A woman struggling to deal with the death of her brother desperately seeks a sign from the afterlife so that she can find peace in Olivier Assayas’ Personal Shopper.
I’ll preface this by saying that I’ve never really been a fan of Kristen Stewart because I find her acting to be stilted and distant. My opinion of her changed some what when watching Cafè Society where she was very warm and charming so I was willing to give her the benefit of the doubt for this film.
As it turns out, her performance is the best thing about this film. She plays the standard detached character that I’ve seen her perform so many times but her detachment makes sense in the context of this film. Maureen is a woman going through the motions after the loss of her brother. She lingers in a city she hates doing a job that she hates because she expects some kind of sign from the other world from her brother. It is established that she is a Medium as was her brother so she is sensitive to spirtual goings on which means that if anyone was going to detect her brother’s presence then it would be her.
It’s a good setup for a film and ties into the larger themes of loneliness and stagnation. So many people stay in certain places and situations out of fear of the unknown and that’s essentially what Maureen is doing. Her job is effortless to her and she knows her way around the city so is content to sleepwalk through life for the time being. This is where Stewart completely excels as she goes through the film having very flat interactions with those around her save for a handful of people.She doesn’t know where her life will end up but knows that she doesn’t want it to be where she currently is.
The film somewhat falls apart in the overall execution as it carries on for a brutally long time where nothing really happens. The supernatural elements just beneath the surface are all really interesting but never really pay off in any meaningful way. There’s a particularly good sequence involving a paranormal presence that suggests a better horror movie is just off to the side.
Another big issue the film has is that it relies on a really long conversation that takes place entirely over text message. There’s a very long stretch of the film where the viewer is basically reading text on a phone screen and it’s about as interesting as it sounds. The mystery surrounding it is compelling for a while and there is a particularly tense sequence involving rapidly appearing texts but generally speaking the whole thing becomes tiresome and overdone. It’s a shame this doesn’t work because the idea of people being consumed by technology and finding comfort in talking to strangers anonymously is really interesting. It’s topical for the modern world and suits Maureen as a character at that point in her life.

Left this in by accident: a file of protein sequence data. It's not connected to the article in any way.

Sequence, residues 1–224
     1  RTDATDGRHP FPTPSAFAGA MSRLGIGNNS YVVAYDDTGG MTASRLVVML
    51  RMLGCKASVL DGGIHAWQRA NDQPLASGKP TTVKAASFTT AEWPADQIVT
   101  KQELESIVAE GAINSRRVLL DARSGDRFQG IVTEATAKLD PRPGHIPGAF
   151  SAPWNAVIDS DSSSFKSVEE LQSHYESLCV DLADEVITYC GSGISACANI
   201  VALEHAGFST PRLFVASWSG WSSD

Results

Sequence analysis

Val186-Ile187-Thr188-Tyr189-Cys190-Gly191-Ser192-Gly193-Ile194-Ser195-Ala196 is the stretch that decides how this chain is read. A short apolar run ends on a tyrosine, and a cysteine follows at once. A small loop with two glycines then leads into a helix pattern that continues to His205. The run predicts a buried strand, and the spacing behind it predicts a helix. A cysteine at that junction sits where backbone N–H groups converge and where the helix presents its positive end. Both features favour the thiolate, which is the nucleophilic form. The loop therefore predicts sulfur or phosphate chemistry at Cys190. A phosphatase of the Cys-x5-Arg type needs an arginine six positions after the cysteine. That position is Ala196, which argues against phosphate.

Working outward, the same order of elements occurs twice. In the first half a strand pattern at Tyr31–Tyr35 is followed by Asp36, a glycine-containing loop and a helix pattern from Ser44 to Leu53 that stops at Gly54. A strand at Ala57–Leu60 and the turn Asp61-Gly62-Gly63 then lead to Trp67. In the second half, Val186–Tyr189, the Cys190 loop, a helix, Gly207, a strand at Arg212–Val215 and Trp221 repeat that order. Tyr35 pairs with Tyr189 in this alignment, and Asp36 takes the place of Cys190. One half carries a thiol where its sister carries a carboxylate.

I also found the ending to be very confusing. There are a couple of mysteries in the film that aren’t solved in a satisfying way and the plot never really builds to anything all that interesting. Maureen is a really interesting character stuck in a dull story that had so much more potential than comes across.
A disappointing film with a lot of potential that is squandered in various ways. Kristen Stewart is great in the lead role with her detached perfomance depicting a character sleepwalking through life after a personal tragedy. Her character ties nicely into the themes of stagnation and loneliness as she sticks to a familiar life because of a thin hope. The supernatural elements are interesting and nicely done in places but ultimately don’t amount to anything satisfying. There is a really long text conversation that starts of as a compelling mystery and has a really tense sequence at a later point but quickly becomes tiresome as reading text on a phone screen isn’t all that interesting. The ending of the film was also very confusing. Maureen is an interesting character stuck in a really dull story.
- Kristen Stewart’s detached performance fitting the character perfectly
- strong themes of loneliness and stagnation
- interesting supernatural elements
- some really tense moments
- tackling the idea of reliance on technology and taking comfort in talking to strangers
- so much time looking at a text conversation
- a fairly dull story
- things not paying off effectively
- a confusing ending